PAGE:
Sunday, March 07, 2010

Washington Post column today discusses achieving first-class citizenship

Washington Post Metro columnist Robert McCartney has a piece “Giving gays their due as first-class citizens” on the front page of the Metro Section, p C1, today, Sunday March 7. The link is here. He discusses the history of Dr. Franklin E. Kameny, 84 (fired from a civilian government job in 1957 after a wtichhunt; Kameny would later try a creative challenge to Virginia’s “crimes against nature” laws). He also portrays Maryland state senator Madaleno, 44, who is raising two adopted children with his same-sex spouse.

The motive for the article seems to be the historic registration of same-sex couples in the District this week; Maryland doesn’t recognize gay marriage yet in its own borders (it will recognize DC marriages soon) ; Virginia is pretty hopeless with Marshall-Newman, which, however, can offer some paradoxical twists.

Although most people see same-sex marriage as the existential battle for equality, I saw the battle over gays in the military as it grew in 1993 this way. Equal rights means equal responsibility and equal exposure to uncertainty and risk.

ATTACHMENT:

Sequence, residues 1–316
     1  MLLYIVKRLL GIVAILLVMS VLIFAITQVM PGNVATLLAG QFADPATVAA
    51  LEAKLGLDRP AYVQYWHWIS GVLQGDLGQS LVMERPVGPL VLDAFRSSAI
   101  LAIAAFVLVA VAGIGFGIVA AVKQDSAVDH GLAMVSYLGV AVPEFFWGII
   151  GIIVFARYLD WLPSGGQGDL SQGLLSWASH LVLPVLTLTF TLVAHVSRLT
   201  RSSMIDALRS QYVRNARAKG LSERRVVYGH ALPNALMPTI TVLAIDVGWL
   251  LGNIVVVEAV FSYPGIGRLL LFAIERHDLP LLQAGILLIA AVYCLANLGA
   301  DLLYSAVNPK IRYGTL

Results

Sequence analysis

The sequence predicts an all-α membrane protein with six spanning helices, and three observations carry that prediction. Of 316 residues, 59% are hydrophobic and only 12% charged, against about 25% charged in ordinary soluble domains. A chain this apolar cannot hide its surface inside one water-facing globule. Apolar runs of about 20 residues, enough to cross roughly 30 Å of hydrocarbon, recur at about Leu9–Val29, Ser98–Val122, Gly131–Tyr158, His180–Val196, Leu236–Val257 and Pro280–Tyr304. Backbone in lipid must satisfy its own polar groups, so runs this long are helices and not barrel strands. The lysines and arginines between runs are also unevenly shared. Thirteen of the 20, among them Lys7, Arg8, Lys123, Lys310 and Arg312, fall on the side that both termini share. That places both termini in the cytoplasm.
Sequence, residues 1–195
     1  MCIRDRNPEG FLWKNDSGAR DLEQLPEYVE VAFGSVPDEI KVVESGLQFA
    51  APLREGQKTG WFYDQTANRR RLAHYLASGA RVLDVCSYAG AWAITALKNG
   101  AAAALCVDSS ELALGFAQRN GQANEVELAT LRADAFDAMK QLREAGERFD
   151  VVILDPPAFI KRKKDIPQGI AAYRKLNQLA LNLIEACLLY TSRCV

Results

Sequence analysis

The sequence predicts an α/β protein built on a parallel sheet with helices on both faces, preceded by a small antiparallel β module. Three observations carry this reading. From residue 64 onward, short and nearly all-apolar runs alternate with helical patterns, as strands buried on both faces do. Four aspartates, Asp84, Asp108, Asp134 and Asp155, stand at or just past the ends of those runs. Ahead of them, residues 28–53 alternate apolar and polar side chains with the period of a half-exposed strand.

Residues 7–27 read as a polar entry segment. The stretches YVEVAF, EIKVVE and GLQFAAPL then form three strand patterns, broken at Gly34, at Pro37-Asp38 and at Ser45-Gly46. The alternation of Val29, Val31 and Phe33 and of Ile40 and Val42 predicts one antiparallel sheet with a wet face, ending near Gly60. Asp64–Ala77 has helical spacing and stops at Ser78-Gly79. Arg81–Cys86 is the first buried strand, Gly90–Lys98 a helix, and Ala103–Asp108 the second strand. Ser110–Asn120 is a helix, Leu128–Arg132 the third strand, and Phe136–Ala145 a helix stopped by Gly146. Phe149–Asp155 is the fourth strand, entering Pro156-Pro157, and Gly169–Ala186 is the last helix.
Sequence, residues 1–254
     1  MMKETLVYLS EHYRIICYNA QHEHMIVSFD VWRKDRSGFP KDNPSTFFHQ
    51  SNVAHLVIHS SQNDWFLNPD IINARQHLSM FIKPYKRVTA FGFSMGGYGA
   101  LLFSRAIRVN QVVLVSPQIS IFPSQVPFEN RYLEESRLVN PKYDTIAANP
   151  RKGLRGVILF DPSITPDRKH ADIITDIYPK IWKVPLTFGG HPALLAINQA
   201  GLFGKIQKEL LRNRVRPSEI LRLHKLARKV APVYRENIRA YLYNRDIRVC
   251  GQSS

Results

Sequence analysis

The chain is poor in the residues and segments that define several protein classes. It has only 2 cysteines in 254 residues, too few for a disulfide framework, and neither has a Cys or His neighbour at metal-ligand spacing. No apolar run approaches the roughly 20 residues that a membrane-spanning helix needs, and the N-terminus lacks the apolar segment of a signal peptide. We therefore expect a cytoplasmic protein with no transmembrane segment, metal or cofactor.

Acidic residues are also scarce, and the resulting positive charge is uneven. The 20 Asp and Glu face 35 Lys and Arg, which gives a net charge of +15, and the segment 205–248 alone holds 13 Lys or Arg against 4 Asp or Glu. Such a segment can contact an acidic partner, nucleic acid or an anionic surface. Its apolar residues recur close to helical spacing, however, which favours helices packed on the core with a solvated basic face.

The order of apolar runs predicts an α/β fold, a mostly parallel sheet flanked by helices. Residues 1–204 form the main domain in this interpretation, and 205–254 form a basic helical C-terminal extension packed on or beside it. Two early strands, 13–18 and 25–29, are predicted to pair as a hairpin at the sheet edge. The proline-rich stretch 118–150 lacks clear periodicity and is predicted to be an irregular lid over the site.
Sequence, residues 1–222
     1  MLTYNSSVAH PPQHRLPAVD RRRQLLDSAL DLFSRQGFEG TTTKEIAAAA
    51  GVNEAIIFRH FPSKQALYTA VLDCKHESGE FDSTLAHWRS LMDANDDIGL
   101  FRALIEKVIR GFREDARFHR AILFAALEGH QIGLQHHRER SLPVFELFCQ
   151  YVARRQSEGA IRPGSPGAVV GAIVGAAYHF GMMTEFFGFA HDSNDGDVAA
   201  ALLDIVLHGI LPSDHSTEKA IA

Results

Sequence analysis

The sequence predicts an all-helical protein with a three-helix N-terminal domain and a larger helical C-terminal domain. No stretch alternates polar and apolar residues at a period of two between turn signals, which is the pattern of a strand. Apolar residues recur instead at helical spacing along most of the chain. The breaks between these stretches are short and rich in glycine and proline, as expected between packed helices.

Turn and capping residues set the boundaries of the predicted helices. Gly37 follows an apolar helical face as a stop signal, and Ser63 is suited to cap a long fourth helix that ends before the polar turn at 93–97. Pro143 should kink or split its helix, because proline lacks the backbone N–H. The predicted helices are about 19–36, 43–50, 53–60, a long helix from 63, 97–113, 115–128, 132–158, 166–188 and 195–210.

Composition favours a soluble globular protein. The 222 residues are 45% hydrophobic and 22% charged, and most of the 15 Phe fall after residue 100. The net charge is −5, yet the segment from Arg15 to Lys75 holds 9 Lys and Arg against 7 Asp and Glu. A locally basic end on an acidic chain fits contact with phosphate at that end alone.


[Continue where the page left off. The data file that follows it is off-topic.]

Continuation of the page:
We’re left with pondering what the big battle is “about”. Older veterans like me used to know. Right wing books talk about the “natural family” (as Carlson’s, see my book review blog Sept. 2009), and then harangue against homosexuality without making any formal logical connection. One underlying theme seems to be the idea that everyone “owes” a generative investment in other generations, in causes bigger than what he or she can define for the self. In a certain existential way, that contradicts the aims of equality. (But gay marriage and gay adoption, and gay military service, would show "generativity".) There seems to be a troubling aspect to human nature: to maintain certain levels of emotional commitment in certain sensitive regions of life, one needs the reassurance that others make the same commitment and have to play by the same rules. This is what the religious "clobber passage" arguments amount to. And that was the idea I was brought up with in the 50s.

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